We are unpersuaded; the conveyance and the refinancing occurred on the same day and essentially as part of a single transaction. Indeed, the parties stipulated before trial that the conveyance and refinancing occurred “simultaneously.” Further, it is a matter of elementary economics that paying down encumbrances on property has the contemporaneous effect of increasing equity in that property. It was not clearly erroneous for the district court to find as much. McFarlane's equity thus exceeded the $12,500 homestead exemption.
Hanley next complains that even if this was a fraudulent conveyance, the court incorrectly calculated its extent by refusing to credit McFarlane with the exemption. She argues that McFarlane could not have fraudulently transferred something that his creditors could not have reached, so the extent of any fraudulent transfer was only $3,555 ($16,055 minus the $12,500 exemption). She relies on Legro v. Lord, 10 Me. 161, 165 (1833), for the proposition that “No creditor can be, in legal contemplation, defrauded by a mere conveyance made by his debtor of any of his property, which such creditor has no right by law to appropriate or even to touch by any civil process.”
Since that decision, however, there has been an opportunity for statutory changes. 14 M.R.S.A. § 4422 provides:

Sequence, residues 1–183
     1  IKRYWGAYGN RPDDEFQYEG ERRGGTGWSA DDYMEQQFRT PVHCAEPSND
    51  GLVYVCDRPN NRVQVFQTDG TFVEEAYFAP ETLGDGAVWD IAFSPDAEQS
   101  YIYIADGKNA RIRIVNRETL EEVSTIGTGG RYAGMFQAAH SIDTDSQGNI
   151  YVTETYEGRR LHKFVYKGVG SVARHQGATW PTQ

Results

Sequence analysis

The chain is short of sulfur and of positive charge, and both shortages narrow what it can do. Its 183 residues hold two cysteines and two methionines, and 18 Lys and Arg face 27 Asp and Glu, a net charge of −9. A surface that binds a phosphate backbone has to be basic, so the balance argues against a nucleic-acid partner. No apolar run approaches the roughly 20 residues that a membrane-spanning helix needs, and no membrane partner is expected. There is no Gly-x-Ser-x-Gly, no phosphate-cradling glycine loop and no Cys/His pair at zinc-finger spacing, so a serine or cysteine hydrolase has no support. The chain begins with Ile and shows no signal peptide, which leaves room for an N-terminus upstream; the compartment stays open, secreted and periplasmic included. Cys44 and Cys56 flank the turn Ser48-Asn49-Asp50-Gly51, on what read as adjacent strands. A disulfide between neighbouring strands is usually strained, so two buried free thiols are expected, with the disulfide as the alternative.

The following property is exempt from attachment and execution, except to the extent that it has been fraudulently conveyed by the debtor.
A. Except as provided in paragraph B, the debtor's aggregate interest, not to exceed $12,500 in value .․
C. That portion of the proceeds from any sale of property which is exempt under this section shall be exempt for a period of 6 months from the date of receipt of such proceeds for purposes of reinvesting in a residence within that period.
Under this a debtor with homestead property worth $12,500 has three choices. He may do nothing, in which event his creditors can take nothing. Second, he may transfer the property for full value, in which event the $12,500 received in return will have a homestead exemption attached, but that will clear in six months-for the benefit of creditors-if it is not reinvested in a residence. If, third, he conveys for no value in return, for the transferee to say there was no loss to his creditors is absurd.
What this means is that the exemption, personal to the debtor, did not follow the asset, and defendant must account.
ALDRICH, Senior Circuit Judge.